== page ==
decided: October 8, 1985.
ANNA M. PELTON AND NANCY BOUDMAN, ON BEHALF OF THEMSELVES AND ALL THOSE SIMILARLY SITUATED, PETITIONERS
COMMONWEALTH OF PENNSYLVANIA, DEPARTMENT OF PUBLIC WELFARE, RESPONDENT
Appeal from the Orders of the Department of Public Welfare in cases of Appeal of: Anna M. Pelton, Case No. 8341, dated March 11, 1981 and Appeal of Nancy Boudman, Case No. 15650-C.
Frederick M. Stanczak, Director of Litigation, with him, Jonathan E. Butterfield and Lenore M. Urbano, for petitioners.
Jason W. Manne, Assistant Counsel, for respondent.
President Judge Crumlish, Jr., and Judges Rogers, Craig, MacPhail, Doyle, Barry and Palladino. Opinion by Judge MacPhail. Concurring Opinion by Judge Doyle. Dissenting Opinion by Judge Rogers. President Judge Crumlish, Jr. joins in this dissent.
[ 92 Pa. Commw. Page 182]
This case was commenced in this Court by a Petition for Review addressed to both our appellate and original jurisdiction.*fn1 The matter was subsequently removed to the United States District Court for the Middle District of Pennsylvania on petition of the Department of Public Welfare (DPW). That court granted the motion of Anna Pelton and Nancy Boudman
[ 92 Pa. Commw. Page 183]
(Petitioners) for class certification and entered an order upholding DPW's position that its interpretation of the regulation found at 55 Pa. Code § 175.23(c)(2)(iv)*fn2 was consistent with the federal statutory and regulatory scheme. The federal court then remanded the case to this Court for consideration of the state law aspects of the case.*fn3 The parties have filed a stipulation in this Court whereby they request us to enter an order on their cross-motions for summary judgment filed in both the original and appellate aspects of the Petition for Review pursuant to the provisions of Pa. R.A.P. 1532(b). This Rule authorizes us to grant summary relief in either or both matters where the right of the applicant is clear.
[ 92 Pa. Commw. Page 184]
Petitioner Anna M. Pelton, at the time of her application for the one-time grant, was employed as a teacher's aide and had enrolled at Williamsport Area Community College as a full time student.*fn4 Pelton received partial benefits through the Aid to Families with Dependent Children program (AFDC), 42 U.S.C. § 601. In October, 1980, her automobile broke down, leaving her without a reliable means of transportation. On November 20, 1980, Pelton applied to DPW for the one-time grant authorized in 55 Pa. Code § 175.23(c)(2)(iv). The Clinton County Board of Assistance (Board) determined her to be ineligible for the one-time grant on the basis that such grants are available only to those who need them in order to apply for or accept employment or training and not to those who need them in order to retain their employment. After a fair hearing, DPW affirmed the Board's determination.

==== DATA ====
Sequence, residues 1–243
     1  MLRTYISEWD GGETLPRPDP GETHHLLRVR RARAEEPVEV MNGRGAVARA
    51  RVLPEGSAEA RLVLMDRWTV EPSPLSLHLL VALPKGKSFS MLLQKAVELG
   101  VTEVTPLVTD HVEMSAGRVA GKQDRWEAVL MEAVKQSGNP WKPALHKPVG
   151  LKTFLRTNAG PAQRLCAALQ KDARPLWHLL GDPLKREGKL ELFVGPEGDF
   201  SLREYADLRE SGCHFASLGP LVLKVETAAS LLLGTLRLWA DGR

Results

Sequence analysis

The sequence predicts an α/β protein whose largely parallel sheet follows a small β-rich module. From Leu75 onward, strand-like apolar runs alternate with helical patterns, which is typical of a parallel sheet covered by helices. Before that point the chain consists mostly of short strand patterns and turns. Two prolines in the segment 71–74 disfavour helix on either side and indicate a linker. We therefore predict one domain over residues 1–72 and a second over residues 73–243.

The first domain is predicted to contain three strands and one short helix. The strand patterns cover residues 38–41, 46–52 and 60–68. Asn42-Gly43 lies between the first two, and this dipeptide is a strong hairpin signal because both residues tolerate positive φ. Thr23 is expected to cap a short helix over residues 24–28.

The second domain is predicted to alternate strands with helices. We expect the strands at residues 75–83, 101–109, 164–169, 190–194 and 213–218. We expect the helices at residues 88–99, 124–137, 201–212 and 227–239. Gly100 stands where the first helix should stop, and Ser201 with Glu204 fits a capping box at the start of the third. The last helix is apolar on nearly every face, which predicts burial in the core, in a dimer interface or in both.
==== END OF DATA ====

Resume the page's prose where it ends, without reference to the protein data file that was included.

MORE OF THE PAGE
Similarly, Petitioner Nancy Boudman was employed and received partial benefits through AFDC. After her automobile broke down, she applied to the Columbia County Board of Assistance for the one-time grant. Boudman was also determined not to be eligible for the grant because she was employed at the time of her application. Following a fair hearing, DPW affirmed this determination.
DPW candidly admits that factually, the case now before us is indistinguishable from that in Bittner v. Department of Public Welfare, 50 Pa. Commonwealth Ct. 396, 413 A.2d 20 (1980), and similar cases decided prior and subsequent thereto,*fn5 where we held that the
[ 92 Pa. Commw. Page 185]
regulation here involved applies not only to those claimants who need the grant in order to apply for or accept employment but also to those individuals who need the grant in order to maintain training or retain employment.
We note that on July 16, 1980, our Supreme Court denied DPW's Petition for Allowance for Appeal of the Bittner decision. Since Bittner has not been overruled or reversed, it remains good law and, in our opinion, is binding upon DPW in this case. In affirming the Board's decision, nevertheless, DPW stated:
The order of Hearing Examiner Dauvey J. Hoffman is affirmed in its entirety. This Amended Order clarifies that Commonwealth Court in Chase v. Department of Public Welfare, 577 C.D. 1978, Rogers [sic] v. Department of Public Welfare, 1620 C.D. 1978 and Bittner v. Department of Public Welfare, 963 C.D. 1979, held that application for a one-time grant to apply for or accept employment or training could be made after employment or training began. However, the appeals by Chase, Rogers [sic] and Bittner were not class actions and the Department has not opted to change its interpretation of the regulations even though it may ultimately be reversed again in Commonwealth Court.
We seriously question whether DPW has the option of deciding cases based upon its own interpretation of a regulation where this Court has decided not once but several times that that interpretation was incorrect. Certainly the fact that this is a class action would not justify DPW adopting a position contrary to that which was held to be the law by this Court. Such action by DPW gives rise to a fair inference of arbitrariness and abuse of discretion on the part of DPW.
[ 92 Pa. Commw. Page 186]